Fighting climate change one idea at a time
- Why are religious studies and philosophy classes required at NMH?
- Will I be told what to believe?
- What will I learn that I couldn't learn elsewhere?
- What is the teaching style in these classes?
The importance of religious studies and philosophy at Northfield Mount Hermon hails from the progressive educational vision of NMH founder D.L. Moody, one of the most prominent Christian preachers of the late 19th century. We have a long tradition of asking students to examine their inner lives and to explore the role of religion in history, art, politics, and culture.
As the school evolved, we continued to value Moody’s legacy of social justice. This is encompassed in our school’s mission, which states “Northfield Mount Hermon engages the intellect, compassion, and talents of our students, empowering them to act with humanity and purpose.” We want our students to become effective contributors to their local and global communities. In order to accomplish this, they need both the nuts-and-bolts knowledge of religious traditions and the sophistication to understand complex ethical and moral dilemmas.
We will not promote or ask you to take on any particular faith or belief. Our academic study of religion and philosophy differs from the kind of doctrinal or devotional approaches you might find in a religious school or through NMH’s chaplaincy office. We do ask that you take responsibility for your own worldview, and we’ll train you to articulate that perspective with confidence. At the same time, we will ask you to listen carefully and respectfully to the beliefs of others so that you may engage in dialogue with people of other perspectives.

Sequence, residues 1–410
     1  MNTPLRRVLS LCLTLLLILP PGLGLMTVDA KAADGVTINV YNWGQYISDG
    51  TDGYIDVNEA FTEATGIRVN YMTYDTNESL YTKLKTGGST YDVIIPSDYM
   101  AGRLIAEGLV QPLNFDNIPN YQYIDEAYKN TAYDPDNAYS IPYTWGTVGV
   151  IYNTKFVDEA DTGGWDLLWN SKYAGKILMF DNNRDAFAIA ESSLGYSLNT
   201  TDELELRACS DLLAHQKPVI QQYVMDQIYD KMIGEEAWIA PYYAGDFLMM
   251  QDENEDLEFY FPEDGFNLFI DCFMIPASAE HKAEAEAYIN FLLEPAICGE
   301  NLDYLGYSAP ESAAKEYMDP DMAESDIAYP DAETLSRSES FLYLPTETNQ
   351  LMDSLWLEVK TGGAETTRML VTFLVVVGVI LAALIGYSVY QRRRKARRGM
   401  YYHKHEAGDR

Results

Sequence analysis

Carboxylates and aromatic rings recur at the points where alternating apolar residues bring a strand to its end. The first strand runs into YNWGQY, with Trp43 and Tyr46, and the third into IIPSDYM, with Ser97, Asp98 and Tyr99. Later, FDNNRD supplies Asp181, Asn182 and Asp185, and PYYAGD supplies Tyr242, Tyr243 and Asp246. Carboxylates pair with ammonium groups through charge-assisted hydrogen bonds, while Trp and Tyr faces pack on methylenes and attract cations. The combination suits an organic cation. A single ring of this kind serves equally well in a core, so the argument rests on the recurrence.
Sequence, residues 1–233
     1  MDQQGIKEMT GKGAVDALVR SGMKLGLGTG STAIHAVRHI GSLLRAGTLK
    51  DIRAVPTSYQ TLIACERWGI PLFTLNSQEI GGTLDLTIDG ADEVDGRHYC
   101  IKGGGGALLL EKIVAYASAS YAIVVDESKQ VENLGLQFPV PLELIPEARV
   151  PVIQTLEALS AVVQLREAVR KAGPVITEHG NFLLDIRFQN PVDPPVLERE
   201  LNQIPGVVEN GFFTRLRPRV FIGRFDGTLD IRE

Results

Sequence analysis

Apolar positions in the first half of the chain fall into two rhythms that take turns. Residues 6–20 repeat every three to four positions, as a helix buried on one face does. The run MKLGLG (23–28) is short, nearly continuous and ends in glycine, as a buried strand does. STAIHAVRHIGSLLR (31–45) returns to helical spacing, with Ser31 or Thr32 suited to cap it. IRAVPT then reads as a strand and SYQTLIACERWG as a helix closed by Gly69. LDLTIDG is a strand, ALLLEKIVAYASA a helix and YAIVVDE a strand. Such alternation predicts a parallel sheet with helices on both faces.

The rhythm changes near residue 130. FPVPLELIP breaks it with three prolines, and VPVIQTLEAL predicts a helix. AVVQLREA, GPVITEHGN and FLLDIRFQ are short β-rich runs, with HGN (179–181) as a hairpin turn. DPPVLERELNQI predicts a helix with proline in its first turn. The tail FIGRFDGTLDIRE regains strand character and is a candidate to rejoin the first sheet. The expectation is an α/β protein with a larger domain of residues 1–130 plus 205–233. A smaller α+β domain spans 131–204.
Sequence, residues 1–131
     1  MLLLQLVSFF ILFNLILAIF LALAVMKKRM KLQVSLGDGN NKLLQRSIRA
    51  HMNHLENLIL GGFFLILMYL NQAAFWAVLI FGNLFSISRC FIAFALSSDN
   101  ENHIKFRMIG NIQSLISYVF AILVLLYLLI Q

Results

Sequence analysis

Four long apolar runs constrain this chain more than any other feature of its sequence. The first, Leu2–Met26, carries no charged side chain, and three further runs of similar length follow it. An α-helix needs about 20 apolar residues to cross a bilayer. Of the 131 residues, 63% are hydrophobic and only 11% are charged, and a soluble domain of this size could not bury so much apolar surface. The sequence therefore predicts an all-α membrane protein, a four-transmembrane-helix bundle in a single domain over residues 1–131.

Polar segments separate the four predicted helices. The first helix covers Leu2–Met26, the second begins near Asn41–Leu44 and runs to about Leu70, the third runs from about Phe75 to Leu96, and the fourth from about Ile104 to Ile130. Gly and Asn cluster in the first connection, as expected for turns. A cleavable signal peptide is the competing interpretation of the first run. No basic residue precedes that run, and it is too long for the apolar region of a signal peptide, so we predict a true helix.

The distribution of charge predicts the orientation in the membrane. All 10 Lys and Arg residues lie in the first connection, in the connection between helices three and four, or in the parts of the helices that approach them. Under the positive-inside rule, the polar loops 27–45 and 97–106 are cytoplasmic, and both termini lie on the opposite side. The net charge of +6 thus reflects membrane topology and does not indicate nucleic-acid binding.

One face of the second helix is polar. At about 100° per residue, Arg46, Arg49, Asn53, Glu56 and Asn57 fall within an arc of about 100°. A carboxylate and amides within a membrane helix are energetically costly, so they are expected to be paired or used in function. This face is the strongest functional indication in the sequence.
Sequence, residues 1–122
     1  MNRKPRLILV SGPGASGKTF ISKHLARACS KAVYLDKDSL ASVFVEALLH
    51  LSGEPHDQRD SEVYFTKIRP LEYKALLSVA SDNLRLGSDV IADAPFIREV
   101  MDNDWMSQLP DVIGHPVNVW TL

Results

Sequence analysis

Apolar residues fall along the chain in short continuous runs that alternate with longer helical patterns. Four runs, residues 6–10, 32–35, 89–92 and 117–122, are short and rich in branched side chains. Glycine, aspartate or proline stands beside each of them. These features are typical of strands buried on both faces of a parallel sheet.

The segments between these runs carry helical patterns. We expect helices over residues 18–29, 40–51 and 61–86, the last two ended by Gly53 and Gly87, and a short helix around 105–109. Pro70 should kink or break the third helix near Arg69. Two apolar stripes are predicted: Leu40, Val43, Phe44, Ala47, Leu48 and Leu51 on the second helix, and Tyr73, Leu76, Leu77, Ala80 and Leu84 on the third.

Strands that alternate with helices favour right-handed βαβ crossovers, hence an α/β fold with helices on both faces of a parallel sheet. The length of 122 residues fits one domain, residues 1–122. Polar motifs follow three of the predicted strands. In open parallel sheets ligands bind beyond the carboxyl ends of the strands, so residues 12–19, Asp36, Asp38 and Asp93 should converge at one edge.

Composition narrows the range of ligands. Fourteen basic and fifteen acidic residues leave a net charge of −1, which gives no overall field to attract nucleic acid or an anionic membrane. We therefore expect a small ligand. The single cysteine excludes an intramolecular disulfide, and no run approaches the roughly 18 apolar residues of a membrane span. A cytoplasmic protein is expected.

In our classrooms, you will explore big questions—questions of meaning and purpose, worldview and personhood, faith and belief. You will come to understand how various religious and philosophical traditions evolved over time and have shaped and been shaped by the world. You will do this with teachers who have been carefully trained to lead open discussions of complex issues, allowing students of all backgrounds to learn from one another.
Our students and teachers learn from each other. In our classrooms, you are likely to sit in a circle facing each other. You’re also likely to get up and move around the classroom. You will learn to read deeply and annotate well. You’ll watch films and view art with the eyes of an investigator. You’ll gain research skills that will help you in other classes and in college. You’ll be asked to create a dramatic skit and deliver public presentations. You’ll have time for reflection and contemplation. You’ll work on your own and in groups. In short, you’ll be asked to learn from all sides of yourself.